Zurich Canada Issues ‘White Paper’ on Drones & Risk Management

September 28, 2015

Zurich Canada has released a new white paper on unmanned aircraft systems (UAS), commonly referred to as drones at the Risk and Insurance Management Society (RIMS) Canada Conference in Québec City.

Entitled, “Hovering Over Opportunities: Managing risk with drones, and managing drone risk,” Zurich said the “white paper was created as a discussion starter for insurance brokers, risk managers and other stakeholders interested in exploring the many risk management applications available with the use of drones.” It also discusses “some of the new risks companies may be exposing themselves to by using drones, with suggestions on how to mitigate them.”

The white paper “builds on Zurich’s thought leadership and value proposition around drones,” the announcement explained. “In April of this year, Zurich Canada launched its drones insurance package, a tailor-made insurance solution with first- and third-party coverage for corporate clients in Canada that want to make use of drones in their operations.”

Since launching the last April, Zurich Canada has issued “a number of policies and seen a steady stream of interest” from its customers who are involved in using drones. “We want to support our customers that wish to embrace new technologies by helping them understand and protect themselves from the risks the new technologies create,” said Urs Uhlmann, CEO, Global Corporate, Zurich Canada.

He added that the “white paper lays out some of the big issues that our customers need to think about as they move into this area,” which were listed as follows:
• Drone use in the civil and commercial sectors is expected to grow exponentially. UAS industry groups predict that the global drone market will be fast approaching US$100 billion in 10 years from now.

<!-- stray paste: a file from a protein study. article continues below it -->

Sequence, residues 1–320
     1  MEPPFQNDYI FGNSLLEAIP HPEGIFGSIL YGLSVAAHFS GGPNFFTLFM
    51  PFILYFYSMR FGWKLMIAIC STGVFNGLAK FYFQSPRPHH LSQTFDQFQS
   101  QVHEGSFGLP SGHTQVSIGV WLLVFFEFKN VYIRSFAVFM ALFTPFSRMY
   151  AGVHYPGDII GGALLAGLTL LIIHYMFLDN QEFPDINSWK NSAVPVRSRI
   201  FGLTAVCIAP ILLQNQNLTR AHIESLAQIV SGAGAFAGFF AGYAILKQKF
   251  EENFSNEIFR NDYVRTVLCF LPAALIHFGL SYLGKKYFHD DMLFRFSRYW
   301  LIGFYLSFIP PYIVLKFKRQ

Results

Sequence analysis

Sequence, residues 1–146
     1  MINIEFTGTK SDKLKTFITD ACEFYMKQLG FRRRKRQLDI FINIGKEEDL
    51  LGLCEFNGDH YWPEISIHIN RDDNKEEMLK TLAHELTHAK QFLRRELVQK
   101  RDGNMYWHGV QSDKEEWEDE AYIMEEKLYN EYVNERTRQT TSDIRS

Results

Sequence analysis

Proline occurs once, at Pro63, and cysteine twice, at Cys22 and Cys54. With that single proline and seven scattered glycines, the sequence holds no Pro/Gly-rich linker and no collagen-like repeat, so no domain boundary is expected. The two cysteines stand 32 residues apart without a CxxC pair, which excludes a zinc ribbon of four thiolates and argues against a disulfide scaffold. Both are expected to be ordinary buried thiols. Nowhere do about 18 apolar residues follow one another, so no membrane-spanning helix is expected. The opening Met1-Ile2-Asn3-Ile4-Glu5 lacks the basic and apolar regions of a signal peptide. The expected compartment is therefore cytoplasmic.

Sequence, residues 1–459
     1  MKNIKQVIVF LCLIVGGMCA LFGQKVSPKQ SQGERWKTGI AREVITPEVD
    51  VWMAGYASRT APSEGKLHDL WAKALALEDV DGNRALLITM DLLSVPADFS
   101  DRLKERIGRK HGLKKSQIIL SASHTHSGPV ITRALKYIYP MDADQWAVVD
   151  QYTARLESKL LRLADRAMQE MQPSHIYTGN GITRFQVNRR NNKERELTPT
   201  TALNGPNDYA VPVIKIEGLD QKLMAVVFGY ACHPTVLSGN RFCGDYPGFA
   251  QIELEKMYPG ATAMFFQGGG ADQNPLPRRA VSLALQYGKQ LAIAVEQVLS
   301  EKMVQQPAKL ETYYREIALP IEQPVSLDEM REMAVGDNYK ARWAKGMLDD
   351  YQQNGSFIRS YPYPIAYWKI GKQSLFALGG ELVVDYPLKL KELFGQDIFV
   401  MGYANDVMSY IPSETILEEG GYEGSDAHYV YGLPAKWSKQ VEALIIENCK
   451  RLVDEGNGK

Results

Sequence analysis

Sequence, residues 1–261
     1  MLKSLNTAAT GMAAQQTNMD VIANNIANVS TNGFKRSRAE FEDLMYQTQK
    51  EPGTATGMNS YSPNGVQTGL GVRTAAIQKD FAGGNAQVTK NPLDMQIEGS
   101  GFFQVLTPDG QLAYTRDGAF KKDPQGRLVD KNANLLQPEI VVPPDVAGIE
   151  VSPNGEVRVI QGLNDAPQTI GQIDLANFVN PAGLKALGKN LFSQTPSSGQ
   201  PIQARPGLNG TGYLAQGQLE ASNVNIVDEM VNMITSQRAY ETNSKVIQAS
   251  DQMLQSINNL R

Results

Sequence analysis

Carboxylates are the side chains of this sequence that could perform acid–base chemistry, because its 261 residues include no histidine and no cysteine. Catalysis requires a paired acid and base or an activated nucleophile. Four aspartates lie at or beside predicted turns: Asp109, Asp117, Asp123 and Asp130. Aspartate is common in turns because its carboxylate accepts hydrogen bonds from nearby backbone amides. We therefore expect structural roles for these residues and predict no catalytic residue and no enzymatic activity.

• Using drones for risk management can save lives and save money. Drones are well-suited for a wide variety of risk management tasks that involve visual inspection, surveillance and reconnaissance. They can also remove the need for human presence in some dangerous situations. The United States Federal Aviation Administration (FAA) has estimated that averting the death of a single cell tower climber with a drone could save as much as US$ 9.2 million.
• Operating a drone is a serious aviation activity. For many companies, the staffing, skills and operational procedures required to operate a drone safely may lie outside its core competencies. Operator training, along with maintenance and safety procedures, borrowed from the aviation industry, is important starting points for mitigating drone risk.

Zurich described its “support for the development of safe commercial drone applications” as one of the ways the company “is embracing new and disruptive technologies around the world. Last week, Zurich announced that it has been appointed as the insurance associate to CityMobil2, an EU-funded research project that is staging tests of automated road transport systems with self-driving buses across Europe.”

Source: Zurich Canada

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